Football: Northwestern’s defense bends but doesn’t break against Cal’s new-look offense


Source: Stephen J. Carrera

Linebacker Collin Ellis returns one of his two interceptions against Cal. Ellis' two touchdowns helped Northwestern's defense fend off the Golden Bears on Saturday.

John Paschall, Assistant Gameday Editor

BERKELEY, Calif. — Northwestern coach Pat Fitzgerald’s immediate response Saturday night to the California’s Bear Raid offense was simple.

“I’m glad we only got to play it once,” Fitzgerald said.

The much-hyped offensive attack was difficult for the Wildcats to prepare for their first meeting with the Bears. Fitzgerald said he had to look at old tape of Cal coach Sonny Dykes’ former team, Louisiana Tech, to get a feel for the offense, but that could only help so much.

“They (Cal) had every advantage,” Fitzgerald said. “They had every tape on us. We had to figure out how they were going to deploy their personnel.”

Quarterback Jared Goff became the first true freshman signal caller to start a season opener for Cal in the school’s history. The highly rated recruit made some big time throws against an NU defense that was on the field for 99 plays and gave up 548 total yards.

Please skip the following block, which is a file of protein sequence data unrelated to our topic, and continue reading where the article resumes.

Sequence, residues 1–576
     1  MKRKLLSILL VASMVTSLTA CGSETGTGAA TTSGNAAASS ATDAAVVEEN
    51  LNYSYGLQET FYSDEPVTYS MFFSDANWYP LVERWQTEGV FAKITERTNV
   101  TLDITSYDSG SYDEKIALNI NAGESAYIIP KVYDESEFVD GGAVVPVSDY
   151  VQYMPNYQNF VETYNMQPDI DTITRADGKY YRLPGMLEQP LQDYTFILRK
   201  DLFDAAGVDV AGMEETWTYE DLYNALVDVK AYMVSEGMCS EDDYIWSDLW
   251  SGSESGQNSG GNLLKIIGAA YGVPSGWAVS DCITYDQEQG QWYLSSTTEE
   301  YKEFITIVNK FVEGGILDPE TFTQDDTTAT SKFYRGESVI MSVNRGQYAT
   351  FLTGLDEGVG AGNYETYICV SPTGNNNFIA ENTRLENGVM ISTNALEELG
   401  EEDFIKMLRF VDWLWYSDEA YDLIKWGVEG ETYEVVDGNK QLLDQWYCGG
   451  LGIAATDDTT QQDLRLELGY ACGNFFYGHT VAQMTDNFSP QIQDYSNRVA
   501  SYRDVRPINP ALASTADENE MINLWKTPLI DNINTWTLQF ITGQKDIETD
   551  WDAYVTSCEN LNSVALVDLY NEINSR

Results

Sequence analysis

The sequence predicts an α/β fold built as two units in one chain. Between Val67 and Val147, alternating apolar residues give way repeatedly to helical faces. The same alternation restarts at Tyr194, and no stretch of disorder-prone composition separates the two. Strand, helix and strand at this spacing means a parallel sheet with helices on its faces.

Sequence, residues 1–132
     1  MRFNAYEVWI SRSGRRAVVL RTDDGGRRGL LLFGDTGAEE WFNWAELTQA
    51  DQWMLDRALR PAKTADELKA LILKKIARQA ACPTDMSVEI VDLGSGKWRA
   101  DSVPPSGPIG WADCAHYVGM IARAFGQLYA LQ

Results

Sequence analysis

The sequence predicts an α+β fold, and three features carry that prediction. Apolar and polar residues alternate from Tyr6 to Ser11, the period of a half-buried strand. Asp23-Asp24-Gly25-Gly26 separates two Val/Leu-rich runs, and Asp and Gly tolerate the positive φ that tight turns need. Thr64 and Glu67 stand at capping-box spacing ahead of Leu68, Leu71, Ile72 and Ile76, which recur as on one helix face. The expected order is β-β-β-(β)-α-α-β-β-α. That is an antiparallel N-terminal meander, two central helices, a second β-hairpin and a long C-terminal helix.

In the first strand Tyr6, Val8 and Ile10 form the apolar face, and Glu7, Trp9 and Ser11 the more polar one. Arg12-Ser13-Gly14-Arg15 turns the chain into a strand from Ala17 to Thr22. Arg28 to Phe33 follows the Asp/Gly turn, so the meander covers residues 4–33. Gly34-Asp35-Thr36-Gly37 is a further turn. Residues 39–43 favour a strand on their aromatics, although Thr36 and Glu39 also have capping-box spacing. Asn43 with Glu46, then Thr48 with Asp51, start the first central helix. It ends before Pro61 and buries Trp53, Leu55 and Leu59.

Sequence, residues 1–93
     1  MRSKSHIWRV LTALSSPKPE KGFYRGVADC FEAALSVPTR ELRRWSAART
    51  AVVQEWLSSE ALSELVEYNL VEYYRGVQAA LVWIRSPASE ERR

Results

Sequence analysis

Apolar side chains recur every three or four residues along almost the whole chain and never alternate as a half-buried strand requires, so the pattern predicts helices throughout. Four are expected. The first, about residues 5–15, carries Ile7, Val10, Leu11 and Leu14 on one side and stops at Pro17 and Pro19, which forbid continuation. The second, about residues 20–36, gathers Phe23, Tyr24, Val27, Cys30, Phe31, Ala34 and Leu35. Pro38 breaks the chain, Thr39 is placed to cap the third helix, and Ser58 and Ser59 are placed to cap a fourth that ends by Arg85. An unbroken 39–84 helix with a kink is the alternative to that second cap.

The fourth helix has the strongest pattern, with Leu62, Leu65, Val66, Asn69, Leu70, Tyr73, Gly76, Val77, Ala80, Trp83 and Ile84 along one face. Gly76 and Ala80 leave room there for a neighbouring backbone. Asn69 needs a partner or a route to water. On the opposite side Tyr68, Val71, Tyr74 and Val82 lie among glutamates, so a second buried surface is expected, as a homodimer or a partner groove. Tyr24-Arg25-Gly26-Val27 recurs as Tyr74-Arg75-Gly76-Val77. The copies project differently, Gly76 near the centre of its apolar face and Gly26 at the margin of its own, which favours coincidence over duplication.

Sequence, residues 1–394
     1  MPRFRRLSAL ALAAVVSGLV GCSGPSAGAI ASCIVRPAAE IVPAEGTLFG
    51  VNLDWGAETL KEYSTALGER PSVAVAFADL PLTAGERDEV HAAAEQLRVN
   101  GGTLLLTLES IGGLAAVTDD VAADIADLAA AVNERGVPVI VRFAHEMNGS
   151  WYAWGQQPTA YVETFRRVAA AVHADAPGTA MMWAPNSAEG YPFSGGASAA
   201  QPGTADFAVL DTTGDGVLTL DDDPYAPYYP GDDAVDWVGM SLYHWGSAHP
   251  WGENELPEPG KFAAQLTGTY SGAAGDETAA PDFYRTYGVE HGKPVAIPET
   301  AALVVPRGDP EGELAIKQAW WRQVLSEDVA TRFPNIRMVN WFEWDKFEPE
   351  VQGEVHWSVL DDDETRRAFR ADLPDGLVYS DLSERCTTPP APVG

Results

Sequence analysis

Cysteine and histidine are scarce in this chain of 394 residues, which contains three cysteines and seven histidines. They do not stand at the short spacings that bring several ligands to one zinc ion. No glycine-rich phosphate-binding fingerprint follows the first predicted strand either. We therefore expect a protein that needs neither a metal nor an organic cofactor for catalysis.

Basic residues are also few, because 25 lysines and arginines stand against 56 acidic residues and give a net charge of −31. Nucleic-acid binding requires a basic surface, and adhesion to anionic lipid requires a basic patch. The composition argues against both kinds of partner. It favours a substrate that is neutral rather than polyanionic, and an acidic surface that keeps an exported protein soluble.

The Cats also allowed Bears’ receivers junior Chris Harper and sophomore Bryce Treggs, to rack up 11 catches for 151 yards with two touchdowns and 13 catches for 145 yards.

“We let ourselves get pushed by the quarterback a little too much today,” Fitzgerald said. “Once we were able to get more pressure in his face, we were able to impact his throws.”

Junior linebacker Collin Ellis, who had two interceptions on the night, said even though the defense was out there for a lot of snaps, it was nothing new for that unit.

“They were giving us some quick looks,” Ellis said. “So obviously we were running around like ‘What’s going on?’ but that’s the way we practice.”

Bears fans grew restless in the second half when the injuries racked up for the Cats’ defense. At one point, Cal fans began booing injured NU players when they went down on the field. To some people, it appeared the Cats were faking the injuries to slow down the quick-paced Cal offense, a form of gamesmanship the Bears themselves have been accused of in the past.

Dykes said after the game he was “disappointed” that it seemed like the Cats had an injury every time the Bears got a first down. Ellis said he didn’t think any of his teammates were faking injury to slow Cal down.

Fitzgerald had strong words for whoever would challenge NU’s reputation.

“If anybody were to question the integrity of myself, our program or our players, I’d question theirs,” Fitzgerald said. “When our guys get dinged up, they are instructed to go down.”

Assistant Gameday editor John Paschall can be reached at [email protected] Follow him on Twitter at